Hooper Island Light

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Hooper Island Light
Hooper Island Light.PNG
1951 photograph of Hooper Island Light (USCG)
Hooper Island Light is located in Maryland
Hooper Island Light
Location 4 mi west of Middle Hooper Island in the Chesapeake Bay
Coordinates 38°15′22.5″N 76°14′59.3″W / 38.256250°N 76.249806°W / 38.256250; -76.249806Coordinates: 38°15′22.5″N 76°14′59.3″W / 38.256250°N 76.249806°W / 38.256250; -76.249806
Year first constructed 1902
Year first lit 1902
Automated 1961
Foundation Pneumatic caisson
Construction iron
Tower shape round "sparkplug" tower
Markings / pattern White on brown base
Focal height 63 feet (19 m)
Original lens fourth-order Fresnel lens
Current lens solar-powered
Range 9 nautical miles (17 km; 10 mi)
Characteristic Flashing White, 6 seconds
Fog signal Horn, 1 every 30 seconds Operated continuously from Sept. 15 to June 1
Admiralty number J2080
ARLHS number USA-377
USCG number 2-7590

[1] [2] [3]

Hooper Island Light Station
Nearest city Hooperville, Maryland
Area less than one acre
Governing body Federal
MPS Light Stations of the United States MPS
NRHP Reference # 02001426[4]
Added to NRHP December 2, 2002

The Hooper Island Light is a lighthouse in the Chesapeake Bay, west of Middle Hooper Island in Maryland.

History[edit]

The initial request of a light at this site was made in 1897, but construction was delayed until 1901 after the Variety Iron Works Company failed to deliver materials in time. Unlike earlier caisson lights in the bay, the foundation was placed using the pneumatic process, in which the caisson is kept under pressure to expel water, and the interior is excavated to bring the cylinder down to the desired depth.[2]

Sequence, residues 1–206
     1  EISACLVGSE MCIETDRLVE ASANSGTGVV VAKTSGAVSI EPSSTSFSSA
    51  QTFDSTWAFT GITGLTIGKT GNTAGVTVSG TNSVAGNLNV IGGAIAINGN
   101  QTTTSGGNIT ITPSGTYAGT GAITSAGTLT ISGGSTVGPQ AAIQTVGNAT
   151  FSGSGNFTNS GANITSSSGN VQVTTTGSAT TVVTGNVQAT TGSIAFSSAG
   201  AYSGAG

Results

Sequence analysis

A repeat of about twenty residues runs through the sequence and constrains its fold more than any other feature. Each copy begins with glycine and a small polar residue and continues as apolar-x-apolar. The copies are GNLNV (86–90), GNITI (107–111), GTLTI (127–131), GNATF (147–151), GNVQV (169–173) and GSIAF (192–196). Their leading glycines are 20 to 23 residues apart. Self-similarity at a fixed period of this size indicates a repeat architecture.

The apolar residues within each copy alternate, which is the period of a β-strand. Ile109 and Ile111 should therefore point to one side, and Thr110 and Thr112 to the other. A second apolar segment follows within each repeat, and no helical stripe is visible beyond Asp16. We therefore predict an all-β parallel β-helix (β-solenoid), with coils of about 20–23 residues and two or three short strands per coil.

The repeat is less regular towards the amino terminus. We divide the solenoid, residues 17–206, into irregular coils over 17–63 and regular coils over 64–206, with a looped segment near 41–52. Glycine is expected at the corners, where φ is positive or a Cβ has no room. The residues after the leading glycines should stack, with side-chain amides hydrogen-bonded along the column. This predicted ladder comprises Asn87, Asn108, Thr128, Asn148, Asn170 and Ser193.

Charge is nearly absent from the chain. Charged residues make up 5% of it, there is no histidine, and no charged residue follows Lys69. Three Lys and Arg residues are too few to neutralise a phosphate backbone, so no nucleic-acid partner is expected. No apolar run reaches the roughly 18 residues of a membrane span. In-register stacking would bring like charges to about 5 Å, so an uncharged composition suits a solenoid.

The tower is taller than other Maryland sparkplug lights because of the provision for a watch room as well as a lantern atop the tower, the only example in the state. A fog bell was originally housed on the lower gallery but was later moved to the watch room level, a backup to the fog horn added in the 1930s. The characteristic was changed several times through the years, with different patterns of flashes and eclipses.

Along with many other Chesapeake Bay lights, automation came in the early 1960s. In 1976 the original fourth-order Fresnel lens was stolen, and it was replaced with a solar-power lamp.[2]

The lighthouse was added to the National Register of Historic Places on December 2, 2002 as Hooper Island Light Station. The structure was officially turned over to the U.S. Lighthouse Society in June 2009, but the light remains active.[1]

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